St. Vincent

Abacos

St. Vincent and the Grenadines are described as the jewels of the Caribbean and quite rightly so. They can be found lying gently between the Caribbean Sea and North Atlantic Ocean, north of Trinidad and Tobago. Having a land area of 389 sq km this haven of tranquility is only about twice the size of Washington DC. With its tropical climate there is little seasonal temperature variation. The rainy season is May to November, but these Islands are a must for sun worshipers. Although the beaches are of black sand this matters not to the first time visitor. The leeward, south-east and windward coasts provide ample opportunity for water sports although the Windward Coast is not recommended for swimming. Its mighty breaking waves provide an awesome spectacle however and a photographic opportunity for the enthusiastic camera man. Meanwhile the South-East Coast has the unmissable Blue Lagoon. Surrounded by palm trees, this area with a lovely beach provides a very pleasant anchorage for the yachting visitor. As with other neighboring Islands the diving and snorkeling opportunities are immense. With a forty foot reef to explore on the leeward coast and a positive abundance of coral, sponge and sea life this is the unforgettable holiday experience.

Water Sports
Diving sites abound in the turquoise waters surrounding these volcanic islands. Abundant reef with an extraordinary variety of tropical reef fish such as angelfish and peacock flounder. The shallow-water reefs surrounding almost every island make snorkeling an exciting adventure. Local dive shops and tour operators are both knowledgeable and experienced with a friendly welcome for the tourist. They will make every possible effort to ensure that you are able to snorkel, dive whale watch or just cruise these majestic waters. Six types of dolphin are found in Vincentia waters, including spinner, spotted, Fraser and bottle nose. Whales, such as Orcas and pilot, can also be observed.

Island Diversity
Known by the Caribs as Hairoun (”Land of the Blessed”), St. Vincent was first inhabited by the Ciboney, a grouping of Meso-Indians. The economy of these hunter-gatherers depended heavily on the sea as well as the land. They used basic tools and weapons and built rock shelters and semi permanent villages. This primitive group were slowly replace4d by native Venezuelans. The first permanent settlers arrived on the shores of St. Vincent in 1635. These new inhabitants were African slaves who survived the sinking of the Dutch slave ship on which they were being transported. The escaped Africans merged with the Caribs and gradually adopted their language. Referred to as Black Caribs,” to differentiate them from the original “Yellow Caribs . In 1700 the island was divided Yellow Caribs occupying the Leeward and the Black Caribs the Windward coasts. The early 1700`s saw the arrival of the British who were disliked intensely and in 1795 the Carib war started to remove the British. Life is more peaceful these days following the grant of internal self government in 1969.These rich tapestry of history however leaves the visitor with an abundance of choice such as the St. George’s Anglican Cathedral, St. Mary’s Catholic Cathedral and Kingstown Methodist Church. Fort Charlotte named after King Georges III wife still stands guard on Berkshire Hill over 600 feet above the bay. The fortification was constructed in 1806. In its heyday, it supported 600 troops and 34 guns.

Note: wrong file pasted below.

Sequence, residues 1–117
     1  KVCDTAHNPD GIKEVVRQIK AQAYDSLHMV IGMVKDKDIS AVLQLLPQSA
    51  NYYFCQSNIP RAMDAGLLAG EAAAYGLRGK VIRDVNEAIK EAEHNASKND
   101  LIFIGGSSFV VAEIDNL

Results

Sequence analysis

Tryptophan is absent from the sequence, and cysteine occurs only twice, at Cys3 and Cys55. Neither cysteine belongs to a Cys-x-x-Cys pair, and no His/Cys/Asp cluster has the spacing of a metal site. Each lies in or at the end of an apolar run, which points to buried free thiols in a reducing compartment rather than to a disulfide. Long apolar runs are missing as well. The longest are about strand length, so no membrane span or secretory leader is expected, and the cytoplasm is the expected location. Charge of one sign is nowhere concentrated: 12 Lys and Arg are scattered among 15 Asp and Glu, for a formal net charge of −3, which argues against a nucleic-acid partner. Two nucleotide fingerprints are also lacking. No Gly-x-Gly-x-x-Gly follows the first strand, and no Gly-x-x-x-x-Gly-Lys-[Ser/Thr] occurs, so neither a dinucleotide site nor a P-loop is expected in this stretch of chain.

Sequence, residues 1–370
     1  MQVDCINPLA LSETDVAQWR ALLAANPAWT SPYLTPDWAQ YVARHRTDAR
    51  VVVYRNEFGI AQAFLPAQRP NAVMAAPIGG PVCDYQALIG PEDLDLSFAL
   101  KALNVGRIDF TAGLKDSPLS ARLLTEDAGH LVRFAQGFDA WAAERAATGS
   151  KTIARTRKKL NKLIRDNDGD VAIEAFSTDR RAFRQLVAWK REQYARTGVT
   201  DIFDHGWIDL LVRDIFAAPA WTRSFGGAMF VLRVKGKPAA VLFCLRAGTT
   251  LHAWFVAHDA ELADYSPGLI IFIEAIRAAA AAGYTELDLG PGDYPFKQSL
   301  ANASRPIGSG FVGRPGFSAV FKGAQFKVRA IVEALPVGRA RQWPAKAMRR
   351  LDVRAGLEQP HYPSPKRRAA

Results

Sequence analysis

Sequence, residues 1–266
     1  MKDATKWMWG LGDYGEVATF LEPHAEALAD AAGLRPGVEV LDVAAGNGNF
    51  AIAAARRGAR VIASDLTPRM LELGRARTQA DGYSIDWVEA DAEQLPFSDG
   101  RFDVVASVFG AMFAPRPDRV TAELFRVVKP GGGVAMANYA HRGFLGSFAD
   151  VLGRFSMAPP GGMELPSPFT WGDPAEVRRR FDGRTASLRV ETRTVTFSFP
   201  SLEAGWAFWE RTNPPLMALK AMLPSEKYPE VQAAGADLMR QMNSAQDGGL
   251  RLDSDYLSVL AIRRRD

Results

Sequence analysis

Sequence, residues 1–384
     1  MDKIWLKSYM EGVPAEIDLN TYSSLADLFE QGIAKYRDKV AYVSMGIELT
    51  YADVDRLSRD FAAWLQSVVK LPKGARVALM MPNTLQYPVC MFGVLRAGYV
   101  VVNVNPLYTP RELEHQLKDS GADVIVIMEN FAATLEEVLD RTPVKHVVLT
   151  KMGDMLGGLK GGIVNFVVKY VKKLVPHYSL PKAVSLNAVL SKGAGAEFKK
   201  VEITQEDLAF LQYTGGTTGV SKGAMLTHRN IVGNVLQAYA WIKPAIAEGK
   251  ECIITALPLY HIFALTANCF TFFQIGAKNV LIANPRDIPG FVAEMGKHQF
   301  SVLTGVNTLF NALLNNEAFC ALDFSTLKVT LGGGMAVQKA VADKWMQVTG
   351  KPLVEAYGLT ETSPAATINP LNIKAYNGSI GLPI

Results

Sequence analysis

Activities
St. Vincent has been blessed with lush mountains, volcanic-rich soil and unspoilt landscapes . The surrounding waters are crystal clear. There is something for all of the family here. From sailing and dolphin-watching, to hiking the nature trails and swimming in waterfalls. You can diverse as to climb to the top of a volcano or see a school of dolphin that will leap and twirl to the delight of passengers. Kingstown Market is a bustling, vibrant market carrying a superb selection of fresh vegetables, fruits, meats, and fish. Visit on a Friday or Saturday to find the well stocked stalls. Local arts and crafts, a spectacle of colour and imagination are frequently displayed in the courtyard.

A Trip Down The Leeward Highway On St. Vincents Island

A Trip Down The Leeward Highway On St. Vincents Island

Located in the Eastern Caribbean, St. Vincent is a jewel of an island that offers a lot to do and see for every visitor. Aside from the blue waters that offer up fishing, boating, swimming and diving, there are ways to experience the culture, history, and soul of the island on your trip. One way to get a real feel for the island is a trip down the Leeward Highway. Usually, a highway is not the highlight of a trip, but consider what the Leeward Highway has to offer you and you will see just how worth your while it [...]